Award success for the College of Medical and Dental Sciences at the University of Birmingham's Founders' Awards
The College of Medical and Dental Sciences is delighted to announce that at the University of Birmingham Founders’ Awards for Excellence 2019, colleagues from across the College were awarded three of the evening’s four awards.
The Founders’ Awards, which were held on Thursday 18 July during the Chancellor's Dinner, are named after some of Birmingham’s most influential benefactors and demonstrate that their vision of ground-breaking research with local, national and global impact is as alive today as it was when the University was founded in 1900.
The awards recognise the very best academic work that has significantly contributed to the advancement of the University’s reputation. Nominations were received from each of the University’s College Boards and were reviewed by a panel of judges consisting of senior members of University management and colleagues external to the institution.
The Joseph Chamberlain Award for Academic Advancement
Named after the man who was the driving force behind the establishment of the University and was its first Chancellor, this was awarded to Professor Peter Brocklehurst of the Institute of Applied Health Research, Director of the Birmingham Clinical Trials Unit (BCTU).
It was also awarded to Professor Richard Butler of the School of Geography, Earth and Environmental Sciences in the College of Life and Enviromental Sciences.
The award, which recognises academic activity that has significantly advanced the discourse or understanding within a specific academic area, was presented to Professor Brocklehurst for his leadership of the BCTU and for his personal research into women's health.
The Charles Beale Award for Policy Advancement
This award, which remembers the man who was a close political ally of Joseph Chamberlain and the University’s first Vice-Chancellor, was presented to Professor Laura Piddock of the Institute of Microbiology and Infection.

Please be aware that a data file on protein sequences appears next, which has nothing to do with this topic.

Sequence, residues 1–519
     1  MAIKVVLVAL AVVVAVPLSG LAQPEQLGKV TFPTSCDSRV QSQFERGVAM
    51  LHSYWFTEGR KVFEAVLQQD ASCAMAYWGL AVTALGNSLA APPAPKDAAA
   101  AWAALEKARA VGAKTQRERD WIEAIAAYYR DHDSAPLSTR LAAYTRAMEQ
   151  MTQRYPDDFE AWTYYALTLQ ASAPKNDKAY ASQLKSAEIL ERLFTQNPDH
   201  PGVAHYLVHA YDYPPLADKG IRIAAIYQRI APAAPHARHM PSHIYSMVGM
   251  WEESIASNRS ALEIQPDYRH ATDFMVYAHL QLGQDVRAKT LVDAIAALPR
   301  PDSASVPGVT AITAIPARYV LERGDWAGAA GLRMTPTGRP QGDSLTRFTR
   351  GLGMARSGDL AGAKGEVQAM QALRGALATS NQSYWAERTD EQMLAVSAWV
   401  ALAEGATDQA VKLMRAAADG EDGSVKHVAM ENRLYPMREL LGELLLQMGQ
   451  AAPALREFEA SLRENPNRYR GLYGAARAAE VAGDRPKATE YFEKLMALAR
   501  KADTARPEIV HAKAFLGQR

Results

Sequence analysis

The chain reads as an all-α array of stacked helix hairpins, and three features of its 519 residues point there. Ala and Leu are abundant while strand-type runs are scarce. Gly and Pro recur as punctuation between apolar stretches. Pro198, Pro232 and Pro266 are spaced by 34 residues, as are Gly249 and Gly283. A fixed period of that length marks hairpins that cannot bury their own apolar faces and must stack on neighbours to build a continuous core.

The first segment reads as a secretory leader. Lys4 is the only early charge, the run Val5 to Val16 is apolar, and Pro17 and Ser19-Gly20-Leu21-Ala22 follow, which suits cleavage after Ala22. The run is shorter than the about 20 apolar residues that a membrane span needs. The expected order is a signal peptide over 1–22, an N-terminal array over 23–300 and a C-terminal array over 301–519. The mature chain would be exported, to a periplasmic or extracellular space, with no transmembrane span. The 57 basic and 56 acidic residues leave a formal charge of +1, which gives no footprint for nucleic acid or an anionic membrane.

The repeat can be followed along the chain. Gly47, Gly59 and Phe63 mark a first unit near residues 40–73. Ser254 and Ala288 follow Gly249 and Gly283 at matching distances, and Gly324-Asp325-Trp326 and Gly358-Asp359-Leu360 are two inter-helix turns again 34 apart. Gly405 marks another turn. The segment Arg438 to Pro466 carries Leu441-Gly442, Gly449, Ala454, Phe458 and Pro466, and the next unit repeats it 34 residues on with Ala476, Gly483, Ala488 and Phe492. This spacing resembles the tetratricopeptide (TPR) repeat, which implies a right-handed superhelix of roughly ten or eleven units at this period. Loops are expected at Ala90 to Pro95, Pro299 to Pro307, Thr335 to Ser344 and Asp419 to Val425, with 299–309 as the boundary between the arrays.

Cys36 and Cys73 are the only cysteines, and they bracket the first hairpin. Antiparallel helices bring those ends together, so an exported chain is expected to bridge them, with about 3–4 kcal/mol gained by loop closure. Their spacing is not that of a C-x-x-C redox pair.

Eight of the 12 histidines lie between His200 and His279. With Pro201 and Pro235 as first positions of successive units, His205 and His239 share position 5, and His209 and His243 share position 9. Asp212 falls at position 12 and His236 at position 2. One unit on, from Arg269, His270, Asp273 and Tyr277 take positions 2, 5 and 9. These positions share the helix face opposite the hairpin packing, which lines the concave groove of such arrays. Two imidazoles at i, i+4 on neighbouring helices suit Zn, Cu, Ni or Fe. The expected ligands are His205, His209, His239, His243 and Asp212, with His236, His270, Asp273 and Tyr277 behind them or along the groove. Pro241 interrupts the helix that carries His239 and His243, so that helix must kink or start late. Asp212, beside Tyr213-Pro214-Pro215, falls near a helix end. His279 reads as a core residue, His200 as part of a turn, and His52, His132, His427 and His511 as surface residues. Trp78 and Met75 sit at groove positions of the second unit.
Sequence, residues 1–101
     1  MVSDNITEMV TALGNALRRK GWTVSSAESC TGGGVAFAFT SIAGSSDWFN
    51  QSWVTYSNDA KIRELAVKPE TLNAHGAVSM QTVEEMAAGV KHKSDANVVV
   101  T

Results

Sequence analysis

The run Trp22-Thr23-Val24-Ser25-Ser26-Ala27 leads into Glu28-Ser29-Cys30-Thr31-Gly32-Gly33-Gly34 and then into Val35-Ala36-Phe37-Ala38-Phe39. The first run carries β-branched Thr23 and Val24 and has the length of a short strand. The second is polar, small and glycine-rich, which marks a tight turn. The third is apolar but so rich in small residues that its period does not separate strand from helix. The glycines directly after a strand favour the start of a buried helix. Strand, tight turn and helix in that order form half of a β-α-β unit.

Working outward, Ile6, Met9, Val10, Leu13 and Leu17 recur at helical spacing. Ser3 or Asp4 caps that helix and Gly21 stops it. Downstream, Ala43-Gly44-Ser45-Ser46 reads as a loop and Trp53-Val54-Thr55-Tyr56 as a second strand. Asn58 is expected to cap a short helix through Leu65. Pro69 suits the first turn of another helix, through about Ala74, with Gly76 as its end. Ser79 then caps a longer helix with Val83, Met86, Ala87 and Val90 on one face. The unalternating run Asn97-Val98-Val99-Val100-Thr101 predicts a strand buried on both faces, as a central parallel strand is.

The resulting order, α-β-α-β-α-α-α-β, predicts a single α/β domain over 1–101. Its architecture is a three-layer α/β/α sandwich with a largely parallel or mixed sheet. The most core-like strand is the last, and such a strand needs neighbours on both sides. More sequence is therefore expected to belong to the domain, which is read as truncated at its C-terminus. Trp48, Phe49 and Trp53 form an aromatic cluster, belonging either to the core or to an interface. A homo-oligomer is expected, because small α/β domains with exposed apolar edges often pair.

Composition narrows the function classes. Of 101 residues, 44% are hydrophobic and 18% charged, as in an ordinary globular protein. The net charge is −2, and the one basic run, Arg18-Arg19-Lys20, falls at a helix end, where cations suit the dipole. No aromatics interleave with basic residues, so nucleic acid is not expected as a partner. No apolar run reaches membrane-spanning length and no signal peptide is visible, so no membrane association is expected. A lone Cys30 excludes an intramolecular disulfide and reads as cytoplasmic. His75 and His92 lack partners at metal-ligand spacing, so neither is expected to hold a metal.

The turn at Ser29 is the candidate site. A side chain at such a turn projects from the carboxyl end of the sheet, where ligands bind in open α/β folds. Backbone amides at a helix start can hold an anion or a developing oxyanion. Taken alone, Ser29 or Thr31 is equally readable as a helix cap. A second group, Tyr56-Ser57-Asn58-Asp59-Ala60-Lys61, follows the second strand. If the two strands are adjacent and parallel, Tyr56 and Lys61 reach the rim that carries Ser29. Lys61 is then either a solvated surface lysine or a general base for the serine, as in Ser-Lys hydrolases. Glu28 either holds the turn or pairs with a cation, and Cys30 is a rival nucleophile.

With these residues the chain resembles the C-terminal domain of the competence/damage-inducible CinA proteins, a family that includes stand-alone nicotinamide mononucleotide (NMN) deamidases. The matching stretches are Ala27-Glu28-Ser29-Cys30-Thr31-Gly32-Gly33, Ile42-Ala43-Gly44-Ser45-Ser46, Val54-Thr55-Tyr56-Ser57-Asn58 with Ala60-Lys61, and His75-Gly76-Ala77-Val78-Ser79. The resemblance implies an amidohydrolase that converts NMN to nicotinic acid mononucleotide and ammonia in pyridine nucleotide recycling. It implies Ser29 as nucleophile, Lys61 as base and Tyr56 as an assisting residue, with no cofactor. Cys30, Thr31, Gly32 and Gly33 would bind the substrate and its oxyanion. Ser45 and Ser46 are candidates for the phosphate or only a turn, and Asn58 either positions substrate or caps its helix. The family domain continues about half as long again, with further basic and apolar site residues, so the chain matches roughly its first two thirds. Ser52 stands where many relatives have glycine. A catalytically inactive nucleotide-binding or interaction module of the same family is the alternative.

The award recognises academic activity that has significantly advanced the discourse or understanding within a specific academic or policy area. Professor Piddock is leading research into antimicrobial resistance and is currently working on secondment at the Global Antibiotic Research and Development Partnership, an initiative of the World Health Organization.
The Josiah Mason Award for Business Advancement
Named after the industrialist and philanthropist, and the founder of Mason Science College that preceded the University, this was awarded to Professor Philip Newsome of the Institute of Immunology and Immunotherapy, Director of the Centre for Liver and Gastrointestinal Research and Director of the Midlands & Wales Advanced Therapy Treatment Centre.
This award recognises academic activity that has had a major impact within a business sector or a specific industry. Professor Newsome has been recognised for his work into cellular therapies and in leading a team to develop the £7.3m Midlands & Wales Advanced Therapy Treatment Centre, which includes eight different companies.
The fourth award, the Aston Webb award for Early Career Academic, was awarded to Dr Rachel Humphris from the Department of Social Policy, Sociology and Criminology in the College of Social Sciences.
Congratulations also go to the College’s Professor Charles Craddock, who was shortlisted for the Josiah Mason Award for Business Advancement, and Dr Rebecca Drummond, who was shortlisted for the Aston Webb Award for Outstanding Early-Career Academic.
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